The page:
Twenty-two years ago Global Witness cut its teeth exposing the trade in conflict timber in war-torn Cambodia. Posing as European timber buyers, my colleagues and I exposed how the genocidal Khmer Rouge was selling wood to logging companies just across the border in Thailand. We found that this generated $10-20 million per month – money the Khmer Rouge used to wage war against the state, to maintain their occupation of much of the country and, critically, to undermine a peace process that had seen the UN undertake its then biggest peacekeeping intervention ever.
Following our exposés and under pressure from its key partners, Thailand closed its Cambodian border to timber imports in May 1995. Within 18 months, their money supply gone, the Khmer Rouge had defected to the side of the government and the decades-long war finally came to an end.
Lesson learned? Er…no. In 2001 I found myself as part of a Global Witness team probing the trade in conflict timber in Liberia. After the UN Security Council imposed sanctions on the export of diamonds from Liberia, timber became the financial lifeline for the country’s President – warlord Charles Taylor. In Liberia the issue was even more disturbing than in Cambodia because timber wasn’t just a cash cow - the ships that took the timber out returned with their holds stuffed with the armaments Taylor needed to fight.
Working with extraordinarily courageous Liberian colleagues we managed to put together a forensic documentation of Liberia’s timber trade including key European timber traders. Confronted with this information the companies responded that the trade was legal and that there were no guidelines telling them what to do in circumstances like this.
We lobbied for UNSC sanctions on Liberian timber – a process that we finally won in May 2003 - but it took 18 months to achieve. By August, Charles Taylor was under arrest and another timber-funded war was over. Taylor was later sentenced to 50 years in prison for the carnage he wreaked in neighbouring Sierra Leone. In another rare and important conviction, Gus Kouwenhoven, Taylor’s business partner and timber baron, was last month sentenced to nineteen years by a Dutch court for complicity in war crimes.
But what happened to all of those companies, especially the European ones, that made this trade possible through their timber purchases? Nothing – they walked away with their profits intact. They have faced no legal consequences and they have paid no compensation to the countries their business helped destroy. These companies continue to buy timber from the tropics and in the intervening years have been dogged by allegations of human rights abuses and sourcing illegal timber.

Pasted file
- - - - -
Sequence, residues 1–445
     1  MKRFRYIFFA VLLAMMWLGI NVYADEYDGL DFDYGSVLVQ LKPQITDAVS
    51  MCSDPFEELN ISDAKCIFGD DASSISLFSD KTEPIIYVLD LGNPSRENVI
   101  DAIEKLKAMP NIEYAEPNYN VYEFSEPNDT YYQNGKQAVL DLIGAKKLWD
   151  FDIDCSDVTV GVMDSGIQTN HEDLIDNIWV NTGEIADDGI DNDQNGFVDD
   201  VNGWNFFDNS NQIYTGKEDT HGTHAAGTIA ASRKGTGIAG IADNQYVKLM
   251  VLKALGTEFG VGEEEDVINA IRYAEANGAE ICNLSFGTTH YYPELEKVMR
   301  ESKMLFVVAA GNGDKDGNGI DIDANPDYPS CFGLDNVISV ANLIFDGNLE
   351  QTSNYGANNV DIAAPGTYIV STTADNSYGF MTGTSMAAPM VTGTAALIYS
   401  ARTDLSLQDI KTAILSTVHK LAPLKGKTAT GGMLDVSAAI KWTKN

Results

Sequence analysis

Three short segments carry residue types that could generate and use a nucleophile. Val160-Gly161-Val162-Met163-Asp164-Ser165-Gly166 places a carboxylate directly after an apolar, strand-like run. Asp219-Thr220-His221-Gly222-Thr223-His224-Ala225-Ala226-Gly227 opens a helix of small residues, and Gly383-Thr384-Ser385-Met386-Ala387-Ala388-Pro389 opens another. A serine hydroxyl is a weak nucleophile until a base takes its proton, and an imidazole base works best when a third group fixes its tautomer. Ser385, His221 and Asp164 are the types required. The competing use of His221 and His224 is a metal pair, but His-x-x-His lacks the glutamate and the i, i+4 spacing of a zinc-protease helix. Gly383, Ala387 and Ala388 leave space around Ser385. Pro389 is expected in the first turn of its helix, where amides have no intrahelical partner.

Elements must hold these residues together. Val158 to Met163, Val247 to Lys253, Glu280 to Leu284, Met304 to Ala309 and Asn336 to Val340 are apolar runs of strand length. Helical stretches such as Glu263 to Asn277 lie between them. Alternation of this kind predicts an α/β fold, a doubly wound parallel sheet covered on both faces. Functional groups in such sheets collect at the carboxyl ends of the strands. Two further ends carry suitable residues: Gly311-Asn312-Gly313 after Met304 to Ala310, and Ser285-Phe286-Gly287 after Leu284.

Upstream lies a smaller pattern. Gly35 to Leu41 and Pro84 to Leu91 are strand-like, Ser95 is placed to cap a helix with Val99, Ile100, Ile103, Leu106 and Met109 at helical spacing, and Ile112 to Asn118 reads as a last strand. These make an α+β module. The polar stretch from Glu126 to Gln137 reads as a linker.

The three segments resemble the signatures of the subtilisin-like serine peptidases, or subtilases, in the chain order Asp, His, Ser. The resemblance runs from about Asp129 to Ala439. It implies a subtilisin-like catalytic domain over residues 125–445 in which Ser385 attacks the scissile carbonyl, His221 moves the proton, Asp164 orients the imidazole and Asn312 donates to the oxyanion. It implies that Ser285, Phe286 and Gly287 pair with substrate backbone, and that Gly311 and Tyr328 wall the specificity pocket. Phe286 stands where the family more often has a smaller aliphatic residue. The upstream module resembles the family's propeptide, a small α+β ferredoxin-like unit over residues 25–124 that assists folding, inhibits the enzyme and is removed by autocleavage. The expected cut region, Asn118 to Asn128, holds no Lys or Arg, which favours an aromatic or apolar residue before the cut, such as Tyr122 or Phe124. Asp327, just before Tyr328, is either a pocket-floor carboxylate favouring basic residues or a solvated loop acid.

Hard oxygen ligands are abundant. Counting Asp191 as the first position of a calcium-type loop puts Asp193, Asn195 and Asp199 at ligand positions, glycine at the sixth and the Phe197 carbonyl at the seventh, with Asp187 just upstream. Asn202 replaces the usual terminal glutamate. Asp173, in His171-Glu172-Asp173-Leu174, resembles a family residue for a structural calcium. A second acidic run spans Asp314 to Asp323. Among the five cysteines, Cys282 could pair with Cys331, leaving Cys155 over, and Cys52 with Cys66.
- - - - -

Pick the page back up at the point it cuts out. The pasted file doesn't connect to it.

Lesson learned? Um….a bit. As part of its efforts to tackle global deforestation (the FLEGT Action Plan), the EU has introduced laws banning the import of illegal timber into Europe (EU Timber Regulation). But, as recognised by FLEGT’s own 2016 evaluation, the EU hasn’t yet followed through on its commitments to address the issue of conflict timber.
This has had fatal consequences. The EU continued negotiating a timber trade agreement (Voluntary Partnership Agreement) with the Central African Republic (CAR) when civil war broke out in 2013 and conflict timber once again raised its ugly head. Throughout the conflict, CAR timber continued to flow into Europe, directly funnelling 3.4 million euros to armed groups.
As the EU develops a work plan for FLEGT on the back of its review, we set out in our latest briefing how it should develop a framework to tackle conflict timber. That framework should tackle both the supply and demand sides – through FLEGT and the EU Timber Regulation. It should seek to prevent conflict timber by ensuring that all FLEGT programmes and Voluntary Partnership Agreements address relevant risks. And where conflict breaks out, it should be ready to suspend VPAs and make public statements identifying risks so that European importers can’t pretend they’re unaware of them.
In its FLEGT Action Plan and EU Timber Regulation, the EU has shown it recognises these risks. It’s now time to turn those words into action and ensure that the EU and European traders will never again be complicit in the trade of timber to fuel conflict.